Big news from the Lawn Reform Coalition!
First, we have a Facebook Page – please “Like” it to follow news of the hottest issue in gardening today! True, we initially set up a Group on Facebook but as many users have discovered, Pages are better for campaigns like this one, so we’ll be asking Groupies to move on over to the page.
And to keep even MORE folks up to date about lawn-related happenings – even people who are Facebook-averse – we also have a newsletter we’ll be publishing at least quarterly, and you can sign up right here.
Now while we’re collecting subscribers for our first e-newsletter to be sent in September, here’s the sort of news we’ll be stuffing into our newsletters, and of course updating to our Facebook page.
Welcome, Saxon! Here’s why we thought he’d be a valuable partner in this campaign, from our About page: Saxon Holt is a professional garden photographer whose images are well recognized in hundreds of magazine and book credits. In his work he seeks to change the aesthetic of what we expect to see in a garden photograph so that the media portrays authentic and sustainable gardens. ”The American Meadow Garden” and his two most previous books, Hardy Succulents, and Plants and Landscapes for Summer-Dry Climates, were all awarded prizes by the Garden Writers of America as “outstanding books”. He owns the stock photography library PhotoBotanic and blogs regularly at Gardening Gone Wild.
Coalition Members doing Lawn Work
- Evelyn Hadden and Saxon Holt have contracted with Timber Press to write and photograph the upcoming Lose Your Lawn. We can’t wait to see it.
- Paul Tukey sends us this news of SafeLawns.org: “The film, A Chemical Reaction, has now been shown in more than 150 locations and we’re working on distribution on Netflix and Amazon. We are hosting SafeLawns Organics Night Sept. 10 at GWA in Dallas: a reception that will include a screening of the film, a moderated panel and drinks etc. We’re developing a children’s book about lawns. We’re celebrating the one-year anniversary of our blog, and there’s a project too big to even talk about yet, but it will be the BIGGEST thing I’ve ever done in my career”. Okay, we’re curious.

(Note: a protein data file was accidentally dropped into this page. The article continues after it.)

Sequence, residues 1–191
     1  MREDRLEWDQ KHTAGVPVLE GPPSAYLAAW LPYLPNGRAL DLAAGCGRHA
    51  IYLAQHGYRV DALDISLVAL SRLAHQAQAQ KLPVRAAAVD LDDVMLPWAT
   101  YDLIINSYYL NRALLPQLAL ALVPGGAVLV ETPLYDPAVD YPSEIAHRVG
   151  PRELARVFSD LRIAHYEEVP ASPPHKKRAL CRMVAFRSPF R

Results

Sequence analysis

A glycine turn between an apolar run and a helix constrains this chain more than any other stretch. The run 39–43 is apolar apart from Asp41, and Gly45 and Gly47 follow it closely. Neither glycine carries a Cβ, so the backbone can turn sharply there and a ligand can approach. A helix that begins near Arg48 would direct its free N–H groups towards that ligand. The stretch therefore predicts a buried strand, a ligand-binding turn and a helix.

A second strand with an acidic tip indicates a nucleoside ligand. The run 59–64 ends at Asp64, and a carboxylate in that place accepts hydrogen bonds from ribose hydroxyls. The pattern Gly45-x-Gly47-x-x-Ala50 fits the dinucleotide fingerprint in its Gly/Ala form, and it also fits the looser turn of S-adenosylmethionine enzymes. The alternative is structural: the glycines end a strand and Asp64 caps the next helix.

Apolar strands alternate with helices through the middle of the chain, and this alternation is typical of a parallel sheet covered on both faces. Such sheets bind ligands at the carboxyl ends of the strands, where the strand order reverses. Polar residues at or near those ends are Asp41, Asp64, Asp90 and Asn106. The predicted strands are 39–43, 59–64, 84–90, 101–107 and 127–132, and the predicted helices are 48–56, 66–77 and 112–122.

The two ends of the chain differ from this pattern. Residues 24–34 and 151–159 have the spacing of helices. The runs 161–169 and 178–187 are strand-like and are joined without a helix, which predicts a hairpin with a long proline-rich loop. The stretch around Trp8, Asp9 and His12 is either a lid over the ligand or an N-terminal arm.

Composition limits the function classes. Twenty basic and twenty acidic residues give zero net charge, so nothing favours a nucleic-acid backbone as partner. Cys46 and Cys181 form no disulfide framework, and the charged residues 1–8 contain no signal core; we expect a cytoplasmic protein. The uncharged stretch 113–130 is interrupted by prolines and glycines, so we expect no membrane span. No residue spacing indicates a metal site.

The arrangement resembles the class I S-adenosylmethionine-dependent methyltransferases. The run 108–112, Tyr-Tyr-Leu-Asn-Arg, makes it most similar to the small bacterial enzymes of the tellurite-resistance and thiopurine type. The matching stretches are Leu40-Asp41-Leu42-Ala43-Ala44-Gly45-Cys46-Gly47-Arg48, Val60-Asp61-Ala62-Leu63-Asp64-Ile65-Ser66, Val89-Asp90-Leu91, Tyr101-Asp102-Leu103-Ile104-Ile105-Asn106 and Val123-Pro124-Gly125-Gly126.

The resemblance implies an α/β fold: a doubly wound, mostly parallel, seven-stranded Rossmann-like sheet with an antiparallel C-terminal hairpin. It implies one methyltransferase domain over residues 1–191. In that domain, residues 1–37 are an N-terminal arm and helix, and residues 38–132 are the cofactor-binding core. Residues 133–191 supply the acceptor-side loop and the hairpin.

- Tom Christopher has also been busy working to reform the American Lawn. He edited a book for Timber Press about sustainable gardening which will be published next spring. It includes a chapter about lawn alternatives by John Greenlee and an introduction to no-mow lawns by Neil Diboll. Tom’s been working with fine fescues himself, planting a couple of lawns for friends and neighbors and a demonstration plot at his town hall, and will be reporting his findings soon.
- Tom Engleman writes: “The Grass Roots Program has just now launched on a grant study with the Metropolitan Water District of Southern California. We are comparing Tall Fescue, Bermuda Grass and Buffalograss lawns using various irrigation practices. The study runs for 1 year — after which we are hearing that MWD will likely recommend and adopt widespread change for traditional lawns in their HUGE service area!! Moreover, other Western water supplies will likely follow MWD’s lead on such innovation.
When the study is completed next summer, I’ll pass on our conclusions and MWD recommendations. “ Good work, Tom!